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Expansions: The Dave Liebman Group: The Puzzle

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It takes no time at all for the five members of Expansions to demonstrate the impressive altitude of their collective musicianship. Right at the start of this album’s opening track, alto saxophonist Matt Vashlishan’s “Hat Trick,” three related melodic lines, played respectively by the saxophones (Liebman on soprano, along with the composer), piano (Bobby Avey) and bass (Tony Marino), dodge and bounce off each other in close, often clashing harmony. “The melodic order and material from Messiaen’s 5th mode of limited transposition was selected from a hat at random,” Vashlishan explains in the liner notes. Sounds questionable as described, but as heard it’s instantly attention-grabbing.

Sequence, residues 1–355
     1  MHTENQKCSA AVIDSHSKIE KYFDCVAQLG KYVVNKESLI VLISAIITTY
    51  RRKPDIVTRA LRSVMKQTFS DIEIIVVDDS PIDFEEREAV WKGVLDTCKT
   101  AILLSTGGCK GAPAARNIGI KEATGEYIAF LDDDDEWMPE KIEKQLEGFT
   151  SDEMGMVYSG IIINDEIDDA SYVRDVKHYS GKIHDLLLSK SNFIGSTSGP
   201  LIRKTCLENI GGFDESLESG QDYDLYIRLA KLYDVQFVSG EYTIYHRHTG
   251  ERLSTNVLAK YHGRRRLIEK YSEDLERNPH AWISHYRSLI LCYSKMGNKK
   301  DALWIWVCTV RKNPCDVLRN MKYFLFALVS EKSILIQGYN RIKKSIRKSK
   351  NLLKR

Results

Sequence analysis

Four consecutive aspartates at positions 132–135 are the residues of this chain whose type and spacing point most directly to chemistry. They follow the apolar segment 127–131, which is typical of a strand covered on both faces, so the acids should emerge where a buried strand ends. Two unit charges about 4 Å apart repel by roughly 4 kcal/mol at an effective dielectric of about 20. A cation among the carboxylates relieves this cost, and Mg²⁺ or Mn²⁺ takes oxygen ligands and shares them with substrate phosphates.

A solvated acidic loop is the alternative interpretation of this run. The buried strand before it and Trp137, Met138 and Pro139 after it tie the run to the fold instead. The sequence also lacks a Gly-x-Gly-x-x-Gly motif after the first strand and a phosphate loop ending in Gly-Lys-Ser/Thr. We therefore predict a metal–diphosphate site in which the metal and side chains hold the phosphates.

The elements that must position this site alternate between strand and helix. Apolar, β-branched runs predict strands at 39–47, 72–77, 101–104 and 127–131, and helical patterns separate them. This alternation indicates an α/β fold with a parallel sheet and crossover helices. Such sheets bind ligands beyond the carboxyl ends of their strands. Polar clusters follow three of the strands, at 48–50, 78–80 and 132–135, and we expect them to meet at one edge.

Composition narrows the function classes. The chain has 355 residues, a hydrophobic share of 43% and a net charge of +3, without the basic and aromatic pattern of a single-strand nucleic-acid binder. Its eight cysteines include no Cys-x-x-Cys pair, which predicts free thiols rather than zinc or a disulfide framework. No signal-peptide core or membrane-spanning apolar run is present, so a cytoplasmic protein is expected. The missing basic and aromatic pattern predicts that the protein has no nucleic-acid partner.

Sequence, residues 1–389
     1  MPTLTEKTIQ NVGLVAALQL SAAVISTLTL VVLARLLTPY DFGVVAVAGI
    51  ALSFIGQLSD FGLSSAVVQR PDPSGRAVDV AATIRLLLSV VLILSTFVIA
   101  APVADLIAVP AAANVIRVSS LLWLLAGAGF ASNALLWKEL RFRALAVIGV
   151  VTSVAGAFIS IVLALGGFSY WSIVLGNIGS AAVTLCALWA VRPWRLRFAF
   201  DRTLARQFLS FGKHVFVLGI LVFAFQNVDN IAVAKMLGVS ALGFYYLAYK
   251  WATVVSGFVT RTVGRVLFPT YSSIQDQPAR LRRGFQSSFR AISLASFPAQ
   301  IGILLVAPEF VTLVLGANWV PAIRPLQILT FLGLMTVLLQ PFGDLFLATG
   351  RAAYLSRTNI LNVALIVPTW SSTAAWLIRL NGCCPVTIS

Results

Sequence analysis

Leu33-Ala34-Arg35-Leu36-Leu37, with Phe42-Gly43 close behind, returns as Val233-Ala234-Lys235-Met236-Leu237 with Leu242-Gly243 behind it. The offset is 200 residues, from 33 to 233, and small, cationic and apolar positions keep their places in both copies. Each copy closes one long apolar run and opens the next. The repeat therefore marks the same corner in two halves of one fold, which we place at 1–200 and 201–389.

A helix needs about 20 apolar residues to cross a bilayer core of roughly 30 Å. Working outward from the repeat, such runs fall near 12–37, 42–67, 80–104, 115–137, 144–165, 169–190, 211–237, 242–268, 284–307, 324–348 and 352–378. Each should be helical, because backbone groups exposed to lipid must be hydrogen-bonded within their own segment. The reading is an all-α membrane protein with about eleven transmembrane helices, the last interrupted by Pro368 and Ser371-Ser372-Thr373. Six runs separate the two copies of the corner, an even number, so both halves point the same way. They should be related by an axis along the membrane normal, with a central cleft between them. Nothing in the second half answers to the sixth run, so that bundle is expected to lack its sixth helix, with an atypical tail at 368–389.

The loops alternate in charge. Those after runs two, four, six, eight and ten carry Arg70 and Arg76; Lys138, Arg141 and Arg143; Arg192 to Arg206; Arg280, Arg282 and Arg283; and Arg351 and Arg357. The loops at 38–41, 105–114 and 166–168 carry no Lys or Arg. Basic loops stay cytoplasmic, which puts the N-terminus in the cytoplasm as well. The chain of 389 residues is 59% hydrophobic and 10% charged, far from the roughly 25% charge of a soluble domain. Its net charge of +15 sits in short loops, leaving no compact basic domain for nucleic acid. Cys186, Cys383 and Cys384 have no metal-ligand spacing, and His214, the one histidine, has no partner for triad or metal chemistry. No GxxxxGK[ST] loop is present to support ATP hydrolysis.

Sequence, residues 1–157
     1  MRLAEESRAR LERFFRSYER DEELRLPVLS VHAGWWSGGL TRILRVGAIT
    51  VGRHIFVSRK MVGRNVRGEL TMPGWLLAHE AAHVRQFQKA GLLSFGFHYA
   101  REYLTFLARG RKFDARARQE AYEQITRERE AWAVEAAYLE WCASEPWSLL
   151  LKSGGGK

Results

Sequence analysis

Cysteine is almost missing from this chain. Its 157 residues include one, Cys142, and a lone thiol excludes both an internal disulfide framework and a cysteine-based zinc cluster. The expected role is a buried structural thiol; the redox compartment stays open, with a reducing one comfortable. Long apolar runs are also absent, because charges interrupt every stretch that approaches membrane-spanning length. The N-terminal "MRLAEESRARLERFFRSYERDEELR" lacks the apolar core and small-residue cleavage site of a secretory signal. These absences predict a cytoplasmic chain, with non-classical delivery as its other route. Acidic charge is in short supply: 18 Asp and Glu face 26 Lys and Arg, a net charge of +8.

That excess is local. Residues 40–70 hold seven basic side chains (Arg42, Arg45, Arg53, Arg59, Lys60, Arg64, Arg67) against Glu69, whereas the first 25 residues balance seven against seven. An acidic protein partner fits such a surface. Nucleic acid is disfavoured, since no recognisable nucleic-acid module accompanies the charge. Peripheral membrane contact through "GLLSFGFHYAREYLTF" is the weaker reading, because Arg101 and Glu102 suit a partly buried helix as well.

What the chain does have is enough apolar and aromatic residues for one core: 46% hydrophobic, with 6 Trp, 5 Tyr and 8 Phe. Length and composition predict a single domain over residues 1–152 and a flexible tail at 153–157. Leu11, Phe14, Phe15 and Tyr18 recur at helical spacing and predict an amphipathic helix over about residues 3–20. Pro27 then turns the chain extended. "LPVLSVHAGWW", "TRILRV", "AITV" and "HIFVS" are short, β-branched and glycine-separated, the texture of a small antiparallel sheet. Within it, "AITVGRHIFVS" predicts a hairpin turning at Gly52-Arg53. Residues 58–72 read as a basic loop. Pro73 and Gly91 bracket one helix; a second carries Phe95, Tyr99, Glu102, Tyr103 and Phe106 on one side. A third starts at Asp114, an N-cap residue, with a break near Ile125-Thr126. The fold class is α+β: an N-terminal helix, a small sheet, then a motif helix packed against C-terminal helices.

Melodically, harmonically and rhythmically, “Hat Trick” and the 10 tracks that follow it score high on the complexity scale, but listening to them is a pleasure rather than a chore, much like … well, piecing together a good jigsaw puzzle. Liebman’s wistful solo on his own “Vendetta” is a standout, almost more of a probing conversation with Avey than a separate statement. The whole group gets in on the chatter during a woozy rendition of Tadd Dameron and Count Basie’s “Good Bait,” playing over and around each other like a polytonal Dixieland band.

An overall sense of playfulness is strong in every composition here, but the going does get darker as the program continues. For Avey’s “Continues to Ignore,” inspired by the music of Haiti, Liebman and Vashlishan break out recorders and flutes, creating a profoundly spooky atmosphere. And the closing “Danse de la Fureur,” taken from Messiaen’s Quartet for the End of Time (yes, him again), is all pile-driving riffs in crazy time signatures, summoning up shades of Mahavishnu and giving the album a forceful sendoff.

Originally Published